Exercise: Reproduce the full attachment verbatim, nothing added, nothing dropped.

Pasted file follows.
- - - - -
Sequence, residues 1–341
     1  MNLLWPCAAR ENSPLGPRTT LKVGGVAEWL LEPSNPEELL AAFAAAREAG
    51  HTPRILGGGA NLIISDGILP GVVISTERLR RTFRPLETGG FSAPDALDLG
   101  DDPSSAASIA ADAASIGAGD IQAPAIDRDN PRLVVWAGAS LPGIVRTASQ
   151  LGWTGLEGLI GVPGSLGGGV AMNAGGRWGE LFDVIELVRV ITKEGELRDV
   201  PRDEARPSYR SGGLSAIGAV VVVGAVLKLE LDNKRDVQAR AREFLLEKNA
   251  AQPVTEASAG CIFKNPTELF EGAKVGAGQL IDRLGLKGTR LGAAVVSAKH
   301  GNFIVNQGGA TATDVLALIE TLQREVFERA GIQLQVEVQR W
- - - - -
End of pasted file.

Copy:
Sequence, residues 1–341
     1  MNLLWPCAAR ENSPLGPRTT LKVGGVAEWL LEPSNPEELL AAFAAAREAG
    51  HTPRILGGGA NLIISDGILP GVVISTERLR RTFRPLETGG FSAPDALDLG
   101  DDPSSAASIA ADAASIGAGD IQAPAIDRDN PRLVVWAGAS LPGIVRTASQ
   151  LGWTGLEGLI GVPGSLGGGV AMNAGGRWGE LFDVIELVRV ITKEGELRDV
   201  PRDEARPSYR SGGLSAIGAV VVVGAVLKLE LDNKRDVQAR AREFLLEKNA
   251  AQPVTEASAG CIFKNPTELF EGAKVGAGQL IDRLGLKGTR LGAAVVSAKH
   301  GNFIVNQGGA TATDVLALIE TLQREVFERA GIQLQVEVQR W